September 11, 2006
The new CO2 reduction mandate in California is the state's latest bout of feel-good environmentalism that even supporters admit will accomplish very little, says the Wall Street Journal.
The self-congratulation took place despite an understanding that:
- By 2020 California is expected to account for only 1.3 percent of total world-wide CO2 emissions.
- By contrast, China is expected by 2020 to increase its share of global greenhouse emissions to more than 22 percent of the world's total, surpassing the output of the entire United States.
- Even if it reaches its CO2 goals, the state will have reduced global emissions by only 0.3 percent.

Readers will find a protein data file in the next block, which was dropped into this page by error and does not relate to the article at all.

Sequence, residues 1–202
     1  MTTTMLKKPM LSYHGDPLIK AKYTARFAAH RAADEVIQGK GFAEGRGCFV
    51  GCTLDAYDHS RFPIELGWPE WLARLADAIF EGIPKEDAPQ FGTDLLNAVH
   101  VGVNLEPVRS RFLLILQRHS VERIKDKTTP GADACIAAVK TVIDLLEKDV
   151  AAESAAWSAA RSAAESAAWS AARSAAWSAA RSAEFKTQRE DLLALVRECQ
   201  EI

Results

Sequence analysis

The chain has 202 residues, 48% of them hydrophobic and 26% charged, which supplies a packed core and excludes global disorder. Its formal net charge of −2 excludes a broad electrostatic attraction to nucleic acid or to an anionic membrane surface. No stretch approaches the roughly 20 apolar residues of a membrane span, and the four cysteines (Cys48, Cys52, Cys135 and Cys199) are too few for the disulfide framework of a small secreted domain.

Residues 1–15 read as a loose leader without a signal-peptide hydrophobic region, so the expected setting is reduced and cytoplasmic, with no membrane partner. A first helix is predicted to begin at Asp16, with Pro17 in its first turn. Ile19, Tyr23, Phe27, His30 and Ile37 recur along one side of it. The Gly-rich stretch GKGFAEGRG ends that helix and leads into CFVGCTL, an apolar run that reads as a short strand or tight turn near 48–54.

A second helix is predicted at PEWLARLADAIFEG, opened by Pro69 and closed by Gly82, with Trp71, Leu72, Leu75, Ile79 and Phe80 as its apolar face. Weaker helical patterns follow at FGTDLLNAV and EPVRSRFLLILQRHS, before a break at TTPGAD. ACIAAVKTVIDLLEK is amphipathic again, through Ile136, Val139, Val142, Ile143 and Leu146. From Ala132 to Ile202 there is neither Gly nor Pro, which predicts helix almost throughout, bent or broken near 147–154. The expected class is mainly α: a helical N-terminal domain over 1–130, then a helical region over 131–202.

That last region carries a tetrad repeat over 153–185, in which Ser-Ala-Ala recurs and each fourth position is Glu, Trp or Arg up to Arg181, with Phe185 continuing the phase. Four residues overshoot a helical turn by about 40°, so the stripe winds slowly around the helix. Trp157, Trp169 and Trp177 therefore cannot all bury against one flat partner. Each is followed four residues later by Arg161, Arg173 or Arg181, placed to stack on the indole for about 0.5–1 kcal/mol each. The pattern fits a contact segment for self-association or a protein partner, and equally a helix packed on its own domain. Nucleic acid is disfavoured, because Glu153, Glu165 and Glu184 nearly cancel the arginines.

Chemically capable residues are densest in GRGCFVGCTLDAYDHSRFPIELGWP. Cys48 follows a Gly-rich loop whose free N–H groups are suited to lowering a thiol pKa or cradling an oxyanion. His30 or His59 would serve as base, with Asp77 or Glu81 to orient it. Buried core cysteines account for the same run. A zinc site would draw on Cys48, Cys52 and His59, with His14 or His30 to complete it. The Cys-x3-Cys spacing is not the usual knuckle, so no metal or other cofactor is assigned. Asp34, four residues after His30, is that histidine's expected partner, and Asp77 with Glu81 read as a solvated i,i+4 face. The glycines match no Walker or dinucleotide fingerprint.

What is really accomplished here, says the Journal, is the ultimate in political symbolism. California's politicians understand that none of this will register on the global temperature dial. They also know the Kyoto Protocol has proven to be a failure, as European countries routinely ignore their CO2 limits.
And even symbolism can have consequences, and California's economy will be lucky to escape this unscathed, says the Journal.
- The state's high energy prices and strict pollution controls long ago forced utilities to tighten up, and this latest round of regulation will force many out of the state.
- Those that do stay will thus pay more for the privilege, passing those costs along to consumers via higher energy prices and more expensive products.
Source: Editorial, "California Dreamin,'" Wall Street Journal, September 11, 2006.
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